Vrdolyak gets 10 months and Blagojevich gets threats of 30 years.

Did you need anything more to demonstrate the state’s culture of corruption and how bad it really is?

(Ray Hanania is an award winning columnist, media strategist and morning radio talk show host. He can be reached at

Thursday, October 14, 2010

The Chicago Newsroom Weekly TV Program: The new and old media

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The Chicago Newsroom Weekly TV Program: The new and old media
Hosted by Ken Davis
In this week's program, Ken Davis is joined by Sun-Times columnist, Esther J. Cepeda, Thom Clark, President, Community Media Workshop, Ray Hanania, independent columnist, and Neil Tesser, Chicago jazz writer. The panel discusses "The New News", a report on the state of Chicago's online media.This program was produced by Chicago Access Network TV.

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Wednesday, October 13, 2010

Chicagoland Syndication: When Free Speech Just Crosses the Line

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When Free Speech Just Crosses the Line

Free speech has never been more under assault. It has led to the firing of three top journalists: White House dean Helen Thomas, Octavia Nasr of CNN, and popular CNN talk host Rick Sanchez.

It has dominated the headlines with the threatened burning of a Quran (Islamic holy book) by a pastor in Gainesville, Fla.

And it’s before the U.S. Supreme Court, involving a father of a fallen U.S. Marine who was appalled when members of a nearby church decided to protest at his son’s funeral chanting hateful rhetoric about the war, gays and more.

The line that divides what is right and wrong on free speech is not as simply drawn as it once was when people would say you can say anything short of yelling “fire” in a crowded movie theater.

Today, it is so much more complicated. But is it because the issues have changed? Or, are we just giving the free speech of unpopular causes more play in the news media and in our daily discussions?

Thomas, Nasr and Sanchez are all victims of a political battle tied to the Middle East. And so were the threats by Pastor Terry Jones to burn the Quran.

But what about the protests at the burial ceremonies of soldiers killed in Iraq and Afghanistan.

The father of a fallen marine sued members of a Kansas church when they showed up at his son’s funeral denouncing homosexuality. The marine was not gay, but the protesters decided to use the high profile burial as a podium to air their views nationally.

Protesters carried signs proclaiming “Thank God for dead soldiers” and “God hates you.”

As offensive as the sentiments are, chances are the Court will rule on the side of free speech. The U.S. Constitution doesn’t distinguish between good free speech and ugly free speech, although sometimes I wish they had.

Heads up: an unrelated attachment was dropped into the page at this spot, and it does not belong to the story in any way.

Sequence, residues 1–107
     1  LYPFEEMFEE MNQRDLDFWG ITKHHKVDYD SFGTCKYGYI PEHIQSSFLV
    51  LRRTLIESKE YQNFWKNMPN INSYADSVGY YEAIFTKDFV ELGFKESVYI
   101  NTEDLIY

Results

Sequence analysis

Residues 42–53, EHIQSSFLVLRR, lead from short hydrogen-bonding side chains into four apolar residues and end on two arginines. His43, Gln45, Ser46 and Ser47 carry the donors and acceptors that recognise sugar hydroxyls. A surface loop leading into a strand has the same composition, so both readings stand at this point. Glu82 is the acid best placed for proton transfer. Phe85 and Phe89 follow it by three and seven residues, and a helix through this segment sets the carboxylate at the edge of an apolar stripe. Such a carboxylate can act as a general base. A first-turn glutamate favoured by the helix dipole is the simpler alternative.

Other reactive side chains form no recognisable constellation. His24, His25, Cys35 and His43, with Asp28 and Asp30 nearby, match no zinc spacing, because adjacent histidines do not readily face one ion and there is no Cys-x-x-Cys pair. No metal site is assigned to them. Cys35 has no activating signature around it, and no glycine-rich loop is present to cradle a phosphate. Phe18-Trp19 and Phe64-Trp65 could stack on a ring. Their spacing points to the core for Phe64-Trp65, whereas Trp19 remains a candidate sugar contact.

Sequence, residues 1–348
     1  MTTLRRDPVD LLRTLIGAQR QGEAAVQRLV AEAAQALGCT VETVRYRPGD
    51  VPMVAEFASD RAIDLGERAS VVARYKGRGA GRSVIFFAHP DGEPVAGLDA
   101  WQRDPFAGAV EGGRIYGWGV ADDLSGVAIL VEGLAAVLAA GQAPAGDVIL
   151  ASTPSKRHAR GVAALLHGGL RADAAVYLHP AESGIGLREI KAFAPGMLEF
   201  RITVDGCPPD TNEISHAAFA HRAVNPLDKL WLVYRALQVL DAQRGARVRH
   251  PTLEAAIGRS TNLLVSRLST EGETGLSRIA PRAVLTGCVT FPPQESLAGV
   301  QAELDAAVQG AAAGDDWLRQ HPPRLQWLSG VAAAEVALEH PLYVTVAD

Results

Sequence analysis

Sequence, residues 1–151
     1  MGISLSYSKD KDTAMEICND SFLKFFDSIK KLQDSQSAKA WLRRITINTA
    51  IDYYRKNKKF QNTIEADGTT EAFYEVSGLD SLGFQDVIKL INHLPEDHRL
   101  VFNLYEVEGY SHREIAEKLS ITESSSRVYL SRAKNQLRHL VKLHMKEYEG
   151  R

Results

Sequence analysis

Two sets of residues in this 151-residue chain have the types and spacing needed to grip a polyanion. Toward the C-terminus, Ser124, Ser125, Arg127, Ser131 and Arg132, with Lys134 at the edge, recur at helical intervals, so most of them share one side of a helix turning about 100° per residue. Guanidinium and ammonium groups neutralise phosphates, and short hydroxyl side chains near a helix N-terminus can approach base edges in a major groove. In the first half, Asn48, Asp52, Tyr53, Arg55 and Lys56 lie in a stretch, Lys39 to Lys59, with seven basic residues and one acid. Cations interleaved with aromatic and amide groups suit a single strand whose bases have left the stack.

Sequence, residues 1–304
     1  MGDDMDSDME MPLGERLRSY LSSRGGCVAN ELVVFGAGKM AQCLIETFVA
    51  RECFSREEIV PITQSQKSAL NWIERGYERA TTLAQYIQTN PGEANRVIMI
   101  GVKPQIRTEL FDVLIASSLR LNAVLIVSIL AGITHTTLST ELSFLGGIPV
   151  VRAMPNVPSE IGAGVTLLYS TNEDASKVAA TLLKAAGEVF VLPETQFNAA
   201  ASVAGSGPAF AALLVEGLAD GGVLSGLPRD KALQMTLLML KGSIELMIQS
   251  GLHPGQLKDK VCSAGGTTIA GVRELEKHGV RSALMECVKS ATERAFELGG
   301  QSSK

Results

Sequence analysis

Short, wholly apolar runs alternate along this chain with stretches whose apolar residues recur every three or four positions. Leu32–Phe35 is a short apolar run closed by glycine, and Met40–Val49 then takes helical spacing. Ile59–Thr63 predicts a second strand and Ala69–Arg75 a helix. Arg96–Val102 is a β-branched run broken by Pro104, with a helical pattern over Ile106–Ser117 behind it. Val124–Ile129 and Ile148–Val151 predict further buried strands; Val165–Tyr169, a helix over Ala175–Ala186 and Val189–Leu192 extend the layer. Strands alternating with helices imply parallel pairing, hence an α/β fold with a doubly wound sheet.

There is something wrong with free speech when it is OK to scream ugly epitaphs at the grieving family of a man who sacrificed his life so that the protesters could speak. A society that says it is OK to burn a holy book like the Quran, or presumably even the Bible or Torah, and yet in the same breath in many cities around the country, you could be arrested, face a stiff fine and even be jailed for multiple convictions if you burn a pile of leaves in front of your home.

Come to think of it, I really liked the old days when burning leaves in front of a home was OK, and few people thought about hate speech or burning Qurans.

(Ray Hanania's Chicagoland column is distributed to several local newspapers including the Southwest News-Herald, the Lawndale News and the West Suburban Journal newspapers. If you would like to add his free Chicagoland column to your newspaper, email

Tuesday, October 12, 2010

Maher-Gorman battle heats up over signs and Maher's past conviction

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Democrat Pat Maher accused his incumbent rival this week of tearing down his campaign signs, but Cook County Commissioner Liz Gorman said the charge is another one of Maher's lies.

Some signs have been torn down, but it looks like supporters on both sides are damaging the other signs. The Gorman sign on the lawn of my neighbor was torn down last night. Maher said that his signs were also taken down the same day.

The accusation from Maher came the same day that the Gorman campaign mailed out a hard-hitting two page fold-out detailing Maher's past criminal record and his apparent attempts to hide the conviction. (Click HERE to read a story on the conviction.)

Maher said the story is false, although it has been detailed at length on FOX 32 TV by Dane Placko. The records are filed with the courts and cannot be falsified, Gorman said.

"No signs were taken down at all," Gorman responded. 

"Our volunteers went door-to-door and they got a great response from residences. We didn't open mailboxes like the other side to drop literature."

Gorman said many voters who had put Maher signs on their lawns took them down after reading about his past criminal record.

Gorman said that many voters were not aware of his past, or allegations that he intentionally changed his birth date by one day to make discovery of the court records more difficult to find. The conviction was not detailed in his newspaper interviews at two newspapers including the SouthtownStar, but when word got out that FOX 32 was investigating, Maher acknowledged his past in only one interview with the Arlington Heights Daily Herald.

-- Ray Hanania